Australian medicinal cannabis producers are on a high after government across the Tasman gave them approval to begin exports.
By the early afternoon on Thursday, shares in Cann Group were up 27.8 per cent at $3.68, The Hydroponics Company had gained 22.4 per cent to 87.5 cents, and AusCann had soared passed a dollar for the first time, up 31.1 per cent to $1.075.
Distributor Bod Australia also hit record highs in early trading — and was still up 24.4 per cent to 53.5 cents — after inking a manufacturing and commercialisation agreement with pharmaceutical company iX Biopharma Limited to develop a cannabis wafer product.
Federal Health Minister Greg Hunt on Thursday said granting the export of medicinal cannabis products was "an important step" for the development of the sector and to secure long-term supplies for Australian patients.
"This decision will help both the domestic supply and Australian producers by strengthening the opportunities for domestic manufacturers," Hunt said in a statement.
He said allowing the export of medicinal cannabis product will also help the developing domestic market to grow further, amid increasing competition from imports.
Cann chief executive Peter Crock welcomed the news, which will allow the company to set up at a global scale. "I think we are seeing there is a global shortage so there is going to be room for multiple players," Crock said.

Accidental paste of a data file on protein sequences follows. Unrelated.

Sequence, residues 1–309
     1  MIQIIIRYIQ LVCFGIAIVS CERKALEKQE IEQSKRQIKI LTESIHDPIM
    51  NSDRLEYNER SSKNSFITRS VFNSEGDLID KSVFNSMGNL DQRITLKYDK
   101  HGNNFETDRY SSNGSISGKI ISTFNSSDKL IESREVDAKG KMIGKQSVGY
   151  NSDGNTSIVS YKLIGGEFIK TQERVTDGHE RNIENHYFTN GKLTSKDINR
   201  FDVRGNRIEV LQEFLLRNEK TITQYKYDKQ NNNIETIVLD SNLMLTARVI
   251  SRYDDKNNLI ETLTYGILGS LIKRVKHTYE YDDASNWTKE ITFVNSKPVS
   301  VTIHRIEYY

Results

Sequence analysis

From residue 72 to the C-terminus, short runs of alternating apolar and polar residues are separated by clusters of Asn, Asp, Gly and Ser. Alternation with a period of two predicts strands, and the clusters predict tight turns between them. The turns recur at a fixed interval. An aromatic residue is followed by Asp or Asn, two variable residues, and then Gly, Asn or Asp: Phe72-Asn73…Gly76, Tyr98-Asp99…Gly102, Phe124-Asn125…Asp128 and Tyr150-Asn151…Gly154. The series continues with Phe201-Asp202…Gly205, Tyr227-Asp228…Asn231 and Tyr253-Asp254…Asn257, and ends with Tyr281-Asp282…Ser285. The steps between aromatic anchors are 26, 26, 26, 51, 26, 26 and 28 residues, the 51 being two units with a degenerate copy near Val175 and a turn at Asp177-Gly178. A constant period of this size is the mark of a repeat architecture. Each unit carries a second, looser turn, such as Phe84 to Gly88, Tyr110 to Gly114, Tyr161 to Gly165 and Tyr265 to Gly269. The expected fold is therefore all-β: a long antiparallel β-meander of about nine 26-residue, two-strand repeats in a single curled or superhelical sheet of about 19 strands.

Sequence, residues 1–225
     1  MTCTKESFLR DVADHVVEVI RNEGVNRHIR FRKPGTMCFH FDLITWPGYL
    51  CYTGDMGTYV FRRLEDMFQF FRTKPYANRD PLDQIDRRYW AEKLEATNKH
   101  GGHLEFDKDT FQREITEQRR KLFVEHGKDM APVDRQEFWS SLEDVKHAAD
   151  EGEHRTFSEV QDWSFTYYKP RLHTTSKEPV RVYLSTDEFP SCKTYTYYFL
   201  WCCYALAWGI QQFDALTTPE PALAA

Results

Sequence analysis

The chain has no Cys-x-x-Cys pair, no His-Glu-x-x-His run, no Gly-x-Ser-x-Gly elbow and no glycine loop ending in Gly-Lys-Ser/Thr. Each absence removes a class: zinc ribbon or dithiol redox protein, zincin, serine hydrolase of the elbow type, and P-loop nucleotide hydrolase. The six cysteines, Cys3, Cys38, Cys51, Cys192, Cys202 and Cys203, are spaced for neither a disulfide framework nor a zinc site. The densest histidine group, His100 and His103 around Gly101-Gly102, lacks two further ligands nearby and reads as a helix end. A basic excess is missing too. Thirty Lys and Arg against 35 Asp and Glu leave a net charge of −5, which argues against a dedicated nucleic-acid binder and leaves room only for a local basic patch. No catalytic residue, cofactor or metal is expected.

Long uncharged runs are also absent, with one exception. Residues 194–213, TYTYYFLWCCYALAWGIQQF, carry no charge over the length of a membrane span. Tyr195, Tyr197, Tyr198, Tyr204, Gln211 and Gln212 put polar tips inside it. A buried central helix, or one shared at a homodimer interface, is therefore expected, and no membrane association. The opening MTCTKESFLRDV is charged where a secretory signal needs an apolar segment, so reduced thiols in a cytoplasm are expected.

He said Cann is well placed to remain at the forefront of the industry, thanks to a $78 million capital raising that will support expansion and ensure it has capacity to meet local and export needs.
"We have got an expansion plan that we went to market and raised capital specifically for that and it really allows confidence to move forward," he said.
The federal Australian government in 2016 legalised patient access to Australian-grown and manufactured medicinal cannabis, subject to state and territory regulations. Victoria in 2016 became Australia's first state to legalise cannabis for medical use, quickly followed by NSW.
AusCann managing director Elaine Darby described the decision as a win for Australian companies and patients. "This will really strengthen the industry, enabling it to supply Australian patients — in addition to international patients — with high quality, cost-effective cannabinoid medicines," Darby said on Thursday.
"It will allow the Australian medical cannabis industry to scale up to a certain size and stability, making it easier to produce more cost effective products in a shorter amount of time."